Book 4 has always been my favourite. It has more actions with a twinge of emotion in it. It also, for the first time, gave a glimpse to the readers of how big the wizardry world really is. Kids all over the world suddenly felt that the magic was not limited to the boundaries of the western world anymore. Oh, if you still don't get it, I do love the Harry Potter series and I'm not ashamed to admit it.
Style-wise, Rowling does not offer anything new or great that's worth being studied years from now. It's strength lies in the story. The idea that a lone kid suddenly discovered that he has hidden talents is nothing new. But the story and characters that unfolds around him are pretty interesting. What I like most about the series is how one small detail mentioned in earlier book would suddenly become significant in later books. Spells and potions are not made up just to get the plot going. The same spell would appear time and time again under different circumstances. Readers are taken a tour through Harry Potter's eyes who, like the readers, are oblivious to the amazing world of magic. When he learn new things, we learn new things, when he met a new creature, he was as surprised and excited as we are which I think is why the books appeal to kids so much.
I find it interesting that when HP was adapted to the big screen, most of the time the characters, creatures and plots didn't suffer much changes in the transition. Which shows that the story works both on the page and on the screen.
I managed to watch the movie on the second day of opening at GSC Berjaya Times Square. I'm not so important as to get hold tickets for previews like some people do so second day is fast enough for me. Anyway, one thing I have to say about GSC-BTS is that it's a pretty cool place to watch a movie. The seats are comfortable and the stadium arrangement is great. The distance from the screen to the first row is quite far so even if you only get third row seats it would still be comfortable enough, not like TGV. I remarked to ST that we should come here more often for movies. I still hate the building but GSC over there is great.
The movie started pretty much like the book as do the rest of the movie actually. No major changes in the plot which is a great thing about Rowling books, the movie maker don't really have to change anything, it's all in there. But some things are cut too short especially the Quidditch World Cup. I was so looking forward to watch how professional quidditch is played. If the matches in school was such a thrill, can you imagine what the professionals can do? The beginning I felt was a bit rushed. You don't get to let the excitement of one thing settles in before the next one was thrusted in your face but the pace slows down once they get into the Triwizard Tournament part.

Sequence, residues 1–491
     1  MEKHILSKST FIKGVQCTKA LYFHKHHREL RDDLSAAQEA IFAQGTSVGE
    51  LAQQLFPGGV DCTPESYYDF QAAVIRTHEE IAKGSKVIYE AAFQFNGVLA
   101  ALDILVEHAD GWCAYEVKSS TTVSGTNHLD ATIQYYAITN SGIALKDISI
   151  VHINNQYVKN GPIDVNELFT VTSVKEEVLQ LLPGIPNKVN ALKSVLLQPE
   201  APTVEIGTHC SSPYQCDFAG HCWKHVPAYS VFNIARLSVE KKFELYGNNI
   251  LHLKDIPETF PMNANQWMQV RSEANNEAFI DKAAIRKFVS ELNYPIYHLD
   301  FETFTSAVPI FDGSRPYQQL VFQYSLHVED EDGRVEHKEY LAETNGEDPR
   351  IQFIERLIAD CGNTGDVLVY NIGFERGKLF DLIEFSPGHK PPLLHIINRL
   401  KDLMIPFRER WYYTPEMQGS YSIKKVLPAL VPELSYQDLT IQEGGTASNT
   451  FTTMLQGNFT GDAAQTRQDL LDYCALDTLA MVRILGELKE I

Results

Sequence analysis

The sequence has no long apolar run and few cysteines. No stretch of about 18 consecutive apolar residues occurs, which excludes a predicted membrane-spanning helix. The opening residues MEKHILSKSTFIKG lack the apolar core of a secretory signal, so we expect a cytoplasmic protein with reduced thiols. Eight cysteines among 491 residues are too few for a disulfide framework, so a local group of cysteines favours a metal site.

Half hour into the movie I noticed that the movie is pretty dark. No I'm not talking about the tone but the overall look. There was no color. I thought it was the cinema but I experienced it again when I watched it for the second time at TGV.
The second viewing was still nice. I still get to enjoy it. I can't complain about lack of excitement, no element of surprise or that sort of thing because the chance of experiencing that is evitable even in the first viewing having read the book and all. I think it was also because in this one there are more things to see like the Quiddith World Cup, the Yule Ball, dragons, other schools (and their method of transportations), other creatures like the merpeople, more fleshing out of smaller characters like Neville and of course the tournament itself. After awhile I forgot the non-existence of any professional Quidditch playing.
I can go without the third viewing but I promised my sister I'll take her kids so I did. Third viewing was not that bad either. But I have to admit it was a bit too much for one movie. I only get to see LOTR on the big screen twice plus one at the Starlight Cinema but that don't really count. Can't believe this one beat the record.